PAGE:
As you know, the Center for Inquiry (CFI) and the Committee for Skeptical Inquiry (CSI) have publicly rebuked Wal-Mart for marketing homeopathic junk, in particular a product called Oscillococcinum, a purported remedy for flu. We are now inviting the product’s manufacturer, Boiron, to sue us. Here’s why.
Boiron is a large, multinational corporation based in France. Apparently, Boiron has recently decided to throw around its corporate weight by threatening to sue an Italian blogger who dared to speak the truth — that the so-called “active” ingredient in Oscillococcinum is so diluted that it is deceptive to describe it as “active.” Indeed, assuming Boiron has engaged in serial dilution to the extent it claims it has, it is highly likely there’s not a single molecule of the alleged “active” ingredient in its product.
Boiron lists the purported active ingredient for Oscillococcinum on its package (see photo). Because both CFI and CSI unambiguously assert that Boiron’s stated claim that “Anas barbariae hepatis et cordis extractum 200CK HPUS” is an “active” ingredient is false and deceptive, we invite Boiron to take us to court in the United States. (For those not up on Latin and homeopathic verbiage, “Anas barbarie.” etc. is duck liver and heart—which, as indicated, is then diluted to or near the point of nonexistence.)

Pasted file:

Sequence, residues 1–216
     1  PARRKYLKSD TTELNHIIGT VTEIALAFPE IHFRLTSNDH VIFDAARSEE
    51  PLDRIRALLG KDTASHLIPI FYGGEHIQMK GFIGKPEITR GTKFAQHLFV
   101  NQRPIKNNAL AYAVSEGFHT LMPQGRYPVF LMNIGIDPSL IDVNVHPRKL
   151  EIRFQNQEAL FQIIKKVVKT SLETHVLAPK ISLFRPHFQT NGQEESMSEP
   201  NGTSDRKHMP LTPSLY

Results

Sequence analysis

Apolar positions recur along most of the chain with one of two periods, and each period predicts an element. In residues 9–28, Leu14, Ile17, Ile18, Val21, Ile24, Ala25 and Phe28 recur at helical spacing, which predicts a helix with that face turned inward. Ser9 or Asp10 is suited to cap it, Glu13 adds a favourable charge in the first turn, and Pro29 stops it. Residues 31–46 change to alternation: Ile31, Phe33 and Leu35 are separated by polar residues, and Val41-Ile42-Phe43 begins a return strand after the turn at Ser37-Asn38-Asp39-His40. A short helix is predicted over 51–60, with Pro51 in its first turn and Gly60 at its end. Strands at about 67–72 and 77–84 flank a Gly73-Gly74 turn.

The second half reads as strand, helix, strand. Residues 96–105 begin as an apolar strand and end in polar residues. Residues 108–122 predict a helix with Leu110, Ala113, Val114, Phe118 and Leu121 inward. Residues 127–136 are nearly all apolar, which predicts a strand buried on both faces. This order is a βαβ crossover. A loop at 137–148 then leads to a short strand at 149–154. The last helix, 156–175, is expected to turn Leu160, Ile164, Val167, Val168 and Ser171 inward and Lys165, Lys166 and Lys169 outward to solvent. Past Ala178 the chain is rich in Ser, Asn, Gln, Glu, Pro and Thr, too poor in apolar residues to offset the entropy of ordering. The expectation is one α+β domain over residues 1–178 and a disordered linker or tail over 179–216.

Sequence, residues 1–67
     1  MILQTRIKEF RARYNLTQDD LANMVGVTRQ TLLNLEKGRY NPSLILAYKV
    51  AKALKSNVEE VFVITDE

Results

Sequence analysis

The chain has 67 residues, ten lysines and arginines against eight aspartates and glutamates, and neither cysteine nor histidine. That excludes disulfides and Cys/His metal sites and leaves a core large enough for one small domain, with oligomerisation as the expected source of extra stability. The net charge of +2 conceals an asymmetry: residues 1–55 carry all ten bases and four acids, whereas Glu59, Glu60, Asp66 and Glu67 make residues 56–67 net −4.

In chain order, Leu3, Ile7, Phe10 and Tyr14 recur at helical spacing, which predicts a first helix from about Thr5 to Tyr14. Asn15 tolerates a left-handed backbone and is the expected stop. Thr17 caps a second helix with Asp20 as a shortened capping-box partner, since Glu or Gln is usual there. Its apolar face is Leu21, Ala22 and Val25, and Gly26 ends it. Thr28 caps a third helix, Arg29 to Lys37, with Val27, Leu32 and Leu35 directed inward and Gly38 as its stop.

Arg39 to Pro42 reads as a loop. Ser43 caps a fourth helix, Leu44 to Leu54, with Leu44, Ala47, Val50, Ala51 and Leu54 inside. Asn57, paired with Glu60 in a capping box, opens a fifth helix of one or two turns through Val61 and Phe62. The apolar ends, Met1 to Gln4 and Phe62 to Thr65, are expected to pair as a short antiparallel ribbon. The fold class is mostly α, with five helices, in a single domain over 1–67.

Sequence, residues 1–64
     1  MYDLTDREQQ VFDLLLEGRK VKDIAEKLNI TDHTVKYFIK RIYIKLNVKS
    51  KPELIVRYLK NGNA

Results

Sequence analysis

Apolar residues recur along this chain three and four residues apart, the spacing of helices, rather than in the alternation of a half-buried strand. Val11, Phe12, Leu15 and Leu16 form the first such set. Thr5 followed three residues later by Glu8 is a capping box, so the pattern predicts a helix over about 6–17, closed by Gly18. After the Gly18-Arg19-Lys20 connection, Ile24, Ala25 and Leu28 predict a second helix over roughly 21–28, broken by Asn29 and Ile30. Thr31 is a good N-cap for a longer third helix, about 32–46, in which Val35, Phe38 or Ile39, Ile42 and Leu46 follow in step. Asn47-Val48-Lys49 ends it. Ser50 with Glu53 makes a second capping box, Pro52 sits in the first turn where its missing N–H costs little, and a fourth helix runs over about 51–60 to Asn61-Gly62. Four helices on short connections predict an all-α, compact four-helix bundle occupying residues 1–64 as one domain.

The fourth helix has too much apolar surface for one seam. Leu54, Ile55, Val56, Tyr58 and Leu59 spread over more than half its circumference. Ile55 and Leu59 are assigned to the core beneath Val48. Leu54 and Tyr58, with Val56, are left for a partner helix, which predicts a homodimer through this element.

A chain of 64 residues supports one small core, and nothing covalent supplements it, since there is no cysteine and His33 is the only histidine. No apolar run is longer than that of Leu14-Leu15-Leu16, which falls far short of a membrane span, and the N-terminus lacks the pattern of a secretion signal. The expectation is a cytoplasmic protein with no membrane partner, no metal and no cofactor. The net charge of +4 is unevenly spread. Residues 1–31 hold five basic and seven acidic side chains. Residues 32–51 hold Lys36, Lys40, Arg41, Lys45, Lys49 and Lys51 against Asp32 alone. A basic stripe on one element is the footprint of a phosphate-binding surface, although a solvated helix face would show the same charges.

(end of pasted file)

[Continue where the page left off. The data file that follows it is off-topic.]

We are inviting Boron to litigate not because we think their suit might have merit; quite to the contrary, such a suit would have absolutely no merit. If sued in any American court, we are confident we will prevail. Homeopathy has no scientific basis. Instead, we are inviting litigation because we do not believe Boron should be able to silence critics by picking on isolated bloggers.
If Boiron has confidence in its product, then it will take us up on this invitation. If not, then we will have further confirmation that Boiron does not have the evidence to support the claims that it makes for its product.
In manufacturing and peddling ineffective junk, Boiron is doing a profound disservice to the public worldwide. Influenza is a serious disease and to exploit sick customers by marketing something that is ineffective (accept, arguably, as a placebo) is nothing short of shameful.
Boiron, if you sincerely believe your product has an “active” ingredient as labeled, then prove it. Don’t pick on just one blogger. Sue us and sue all those in the scientific community who know, and have asserted, that your claims are false. Boiron, put up — or shut down your product line.
Note: The original post has been amended to indicate the Italian blogger received a warning letter threatening suit. We have been informed that no court papers have yet been filed.
(This post reflects the official position of CFI and CSI.)